Know what the BCEA says about taking annual leave during notice periods so you can comply

Simangele Mzizi, Fsp Business, 18 Nov. 2014

Tags: bcea, leave, annual leave, basic conditions of employment act

You know what the Basic Conditions of Employment Act (BCEA) says about calculating your employees’ leave entitlement.

You know it says you must grant your employees at least 21 consecutive days annual leave on full remuneration for each annual leave cycle. And that 21 consecutive days of annual leave equates to 15 working days and six weekend days (three weeks of annual leave).

But, do you know what the BCEA says about taking annual leave during notice periods? Is something like that even legal?

Read on to find out what exactly the Act says about this so you can comply and manage annual leave correctly.

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The BCEA has this to say about taking annual leave during notice periods

According to the BCEA, taking annual leave during notice periods is illegal.
The Act makes it clear that you can’t require or permit your employees to take annual leave during any period of notice of termination of employment.
If, for example, you dismiss Jane for operational requirements, you can’t ask her to take annual leave that’s due to her during the notice period. Jane is however entitled to a payment for her accrued leave.
Experts behind the Labour Law for Managers Loose Leaf Service warn that the inclusion of the words “permit” in the Act seems to suggest that you can’t even agree with your employee that she takes annual leave during a period of notice. So thread carefully.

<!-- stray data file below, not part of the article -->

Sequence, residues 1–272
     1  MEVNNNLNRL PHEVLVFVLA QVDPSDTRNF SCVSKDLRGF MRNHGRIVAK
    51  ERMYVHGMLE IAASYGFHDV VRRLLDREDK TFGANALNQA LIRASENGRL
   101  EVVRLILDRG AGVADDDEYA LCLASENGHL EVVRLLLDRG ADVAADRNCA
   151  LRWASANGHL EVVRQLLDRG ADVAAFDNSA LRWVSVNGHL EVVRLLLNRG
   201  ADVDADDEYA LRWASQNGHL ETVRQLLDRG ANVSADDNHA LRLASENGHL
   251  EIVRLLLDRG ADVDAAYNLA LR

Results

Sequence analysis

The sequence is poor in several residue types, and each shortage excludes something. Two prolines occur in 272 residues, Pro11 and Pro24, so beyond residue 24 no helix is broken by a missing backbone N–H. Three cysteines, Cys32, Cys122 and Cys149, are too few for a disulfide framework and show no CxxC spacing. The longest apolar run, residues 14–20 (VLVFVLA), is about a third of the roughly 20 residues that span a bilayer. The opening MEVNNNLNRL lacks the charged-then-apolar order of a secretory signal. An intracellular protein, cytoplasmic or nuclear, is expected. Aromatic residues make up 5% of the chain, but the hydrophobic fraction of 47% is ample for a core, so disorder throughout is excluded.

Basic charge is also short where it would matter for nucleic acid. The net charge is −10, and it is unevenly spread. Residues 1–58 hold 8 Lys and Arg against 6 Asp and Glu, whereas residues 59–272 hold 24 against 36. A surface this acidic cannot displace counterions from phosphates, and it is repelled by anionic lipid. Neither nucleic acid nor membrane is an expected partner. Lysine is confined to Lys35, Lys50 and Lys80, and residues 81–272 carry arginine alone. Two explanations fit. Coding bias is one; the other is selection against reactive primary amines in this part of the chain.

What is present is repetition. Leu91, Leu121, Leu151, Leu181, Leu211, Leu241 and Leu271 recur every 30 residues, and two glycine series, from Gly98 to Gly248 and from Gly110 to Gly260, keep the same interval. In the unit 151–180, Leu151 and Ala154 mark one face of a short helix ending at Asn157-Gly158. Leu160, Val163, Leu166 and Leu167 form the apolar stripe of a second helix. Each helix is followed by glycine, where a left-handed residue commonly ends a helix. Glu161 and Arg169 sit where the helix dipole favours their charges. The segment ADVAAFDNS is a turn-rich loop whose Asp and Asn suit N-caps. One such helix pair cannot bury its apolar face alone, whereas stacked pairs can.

Now that you know what the BCEA says about taking annual leave during notice periods, remember these all important points about this leave type.

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Four points you must always remember about annual leave

1. You must grant your employees annual leave not later than six months after the end of the annual leave cycle.
Remember, if, for example, you denied your employee annual leave for operational requirements, you must reschedule his annual leave for another time – still within the 18 month window allocated in law.
You have a duty to ensure your employees go on annual leave within the agreed timeframes.
2. You can’t pay your employees instead of giving them paid leave except on termination of employment and if this payment is in line with Section 40(b) and (c) of the BCEA.
3. You and your employees must agree on when it’s appropriate to take annual leave. If you can’t reach an agreement, you (the employer) can determine when your employees must go on leave.
4. If, for example, you terminate your employee’s employment and he has leave owing to him, you must pay him for annual leave he hasn’t taken (Section 40 of the BCEA). The only condition is that your employee must be due the leave in terms of Section 20(2).
The bottom line: Taking annual leave during notice periods is illegal. Now that you know about this, comply with the BCEA and manage annual leave correctly.
PS: For more information on annual leave, check out The Ultimate Guide to Annual Leave.

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